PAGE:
Coefficient of Conservatism:
Coefficient of Wetness:
A. A. Reznicek
One of our commonest species. Wet sandy shores, meadows, swales, ditches, stream banks, cedar and tamarack swamps, moist forests, usually in open ground or clearings.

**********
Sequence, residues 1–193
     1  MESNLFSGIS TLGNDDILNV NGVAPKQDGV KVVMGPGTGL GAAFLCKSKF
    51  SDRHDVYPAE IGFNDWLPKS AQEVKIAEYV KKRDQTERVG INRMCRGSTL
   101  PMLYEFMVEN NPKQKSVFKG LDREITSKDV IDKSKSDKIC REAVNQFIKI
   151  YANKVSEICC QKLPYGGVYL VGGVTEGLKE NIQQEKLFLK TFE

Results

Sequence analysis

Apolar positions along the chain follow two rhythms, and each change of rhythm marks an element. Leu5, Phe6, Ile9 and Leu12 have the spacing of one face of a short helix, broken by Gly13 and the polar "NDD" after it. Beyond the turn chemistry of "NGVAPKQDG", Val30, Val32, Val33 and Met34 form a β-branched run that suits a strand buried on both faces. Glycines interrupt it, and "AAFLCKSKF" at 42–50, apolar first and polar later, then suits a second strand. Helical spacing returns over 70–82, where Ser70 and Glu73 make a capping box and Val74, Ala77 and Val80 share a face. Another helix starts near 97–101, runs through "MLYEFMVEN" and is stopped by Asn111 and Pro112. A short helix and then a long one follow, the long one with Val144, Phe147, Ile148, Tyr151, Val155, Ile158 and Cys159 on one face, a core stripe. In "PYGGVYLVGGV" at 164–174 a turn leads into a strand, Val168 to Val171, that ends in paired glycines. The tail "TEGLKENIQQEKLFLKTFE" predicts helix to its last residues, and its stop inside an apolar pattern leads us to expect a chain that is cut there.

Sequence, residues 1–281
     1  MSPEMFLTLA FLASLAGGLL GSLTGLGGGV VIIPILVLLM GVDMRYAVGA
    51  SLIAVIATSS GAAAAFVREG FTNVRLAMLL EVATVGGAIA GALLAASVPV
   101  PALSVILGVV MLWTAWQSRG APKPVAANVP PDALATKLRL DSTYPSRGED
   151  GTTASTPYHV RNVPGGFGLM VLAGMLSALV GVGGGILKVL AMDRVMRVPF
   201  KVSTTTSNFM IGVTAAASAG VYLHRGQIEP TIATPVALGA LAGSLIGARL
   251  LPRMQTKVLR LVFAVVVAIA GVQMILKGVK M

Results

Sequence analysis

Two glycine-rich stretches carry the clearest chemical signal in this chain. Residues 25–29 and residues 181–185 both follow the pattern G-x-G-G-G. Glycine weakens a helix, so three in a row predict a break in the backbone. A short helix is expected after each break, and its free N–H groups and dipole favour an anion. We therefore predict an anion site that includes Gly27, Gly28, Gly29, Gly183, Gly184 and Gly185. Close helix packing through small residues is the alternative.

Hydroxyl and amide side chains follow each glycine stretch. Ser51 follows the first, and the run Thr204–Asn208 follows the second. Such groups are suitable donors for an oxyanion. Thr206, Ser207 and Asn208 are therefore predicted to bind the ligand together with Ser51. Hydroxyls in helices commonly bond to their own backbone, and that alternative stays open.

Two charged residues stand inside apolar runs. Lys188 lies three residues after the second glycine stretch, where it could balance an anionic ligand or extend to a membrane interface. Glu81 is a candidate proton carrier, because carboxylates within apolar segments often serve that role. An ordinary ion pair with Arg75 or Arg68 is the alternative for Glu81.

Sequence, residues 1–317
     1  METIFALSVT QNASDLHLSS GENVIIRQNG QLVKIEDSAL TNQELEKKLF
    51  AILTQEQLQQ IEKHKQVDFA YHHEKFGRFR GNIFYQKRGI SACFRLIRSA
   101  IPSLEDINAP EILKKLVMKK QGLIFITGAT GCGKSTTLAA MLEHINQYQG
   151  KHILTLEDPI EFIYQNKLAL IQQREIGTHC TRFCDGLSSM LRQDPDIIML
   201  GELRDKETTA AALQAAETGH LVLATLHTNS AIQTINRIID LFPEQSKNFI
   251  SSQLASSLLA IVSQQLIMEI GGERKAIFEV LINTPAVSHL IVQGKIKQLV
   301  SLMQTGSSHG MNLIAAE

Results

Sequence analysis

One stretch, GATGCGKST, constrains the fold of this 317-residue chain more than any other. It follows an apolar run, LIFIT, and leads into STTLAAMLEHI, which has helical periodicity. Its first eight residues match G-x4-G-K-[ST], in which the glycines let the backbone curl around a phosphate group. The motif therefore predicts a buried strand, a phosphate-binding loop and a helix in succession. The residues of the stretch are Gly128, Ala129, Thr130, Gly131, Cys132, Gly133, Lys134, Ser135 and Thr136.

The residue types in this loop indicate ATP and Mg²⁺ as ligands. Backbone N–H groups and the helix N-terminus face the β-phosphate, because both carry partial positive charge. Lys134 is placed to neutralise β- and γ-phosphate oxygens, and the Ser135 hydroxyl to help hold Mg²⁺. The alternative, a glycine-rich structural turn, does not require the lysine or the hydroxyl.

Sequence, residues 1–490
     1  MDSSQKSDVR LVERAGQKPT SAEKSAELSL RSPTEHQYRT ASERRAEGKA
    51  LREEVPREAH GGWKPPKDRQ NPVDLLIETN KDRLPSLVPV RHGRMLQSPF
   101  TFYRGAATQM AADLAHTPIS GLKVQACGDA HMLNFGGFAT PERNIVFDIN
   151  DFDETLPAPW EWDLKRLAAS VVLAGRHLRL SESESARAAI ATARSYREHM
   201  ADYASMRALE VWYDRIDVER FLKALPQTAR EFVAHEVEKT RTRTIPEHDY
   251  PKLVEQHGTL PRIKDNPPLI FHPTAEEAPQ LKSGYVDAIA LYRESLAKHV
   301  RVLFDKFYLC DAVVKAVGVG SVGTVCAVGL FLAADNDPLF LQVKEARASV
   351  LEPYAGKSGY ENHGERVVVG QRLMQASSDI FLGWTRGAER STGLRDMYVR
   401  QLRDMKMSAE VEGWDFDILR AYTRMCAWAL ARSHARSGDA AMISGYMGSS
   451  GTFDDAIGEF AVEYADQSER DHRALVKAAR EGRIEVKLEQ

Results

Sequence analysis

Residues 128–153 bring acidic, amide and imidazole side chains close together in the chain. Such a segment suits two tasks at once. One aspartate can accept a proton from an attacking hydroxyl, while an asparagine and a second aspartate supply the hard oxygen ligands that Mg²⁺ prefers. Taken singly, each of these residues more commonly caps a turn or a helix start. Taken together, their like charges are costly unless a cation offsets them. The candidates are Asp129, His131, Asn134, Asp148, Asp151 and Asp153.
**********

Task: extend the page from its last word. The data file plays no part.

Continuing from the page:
Carex bebbii is usually a a slender, relatively narrow leaved plant, but unusually robust individuals can have leaves up to 5 mm wide on rare occasions. Such robust specimens may seem to resemble C. cristatella, which also can have ± compact inflorescences. However, the sheaths of even robust C. bebbii are at most slightly expanded at the apex, not loose and "baggy" near the apex as in C. cristatella. As well, the lowest perigynia in the spikes of C. bebbii are ± ascending and the spikes are clearly longer than wide, while the spikes of C. cristatella, at maturity, are globular, with the lowest perigynia spreading or even ± reflexed. Superficially, C. bebbii resembles C. crawfordii which, however, has much narrower perigynia. The perigynia usually ripen July–August.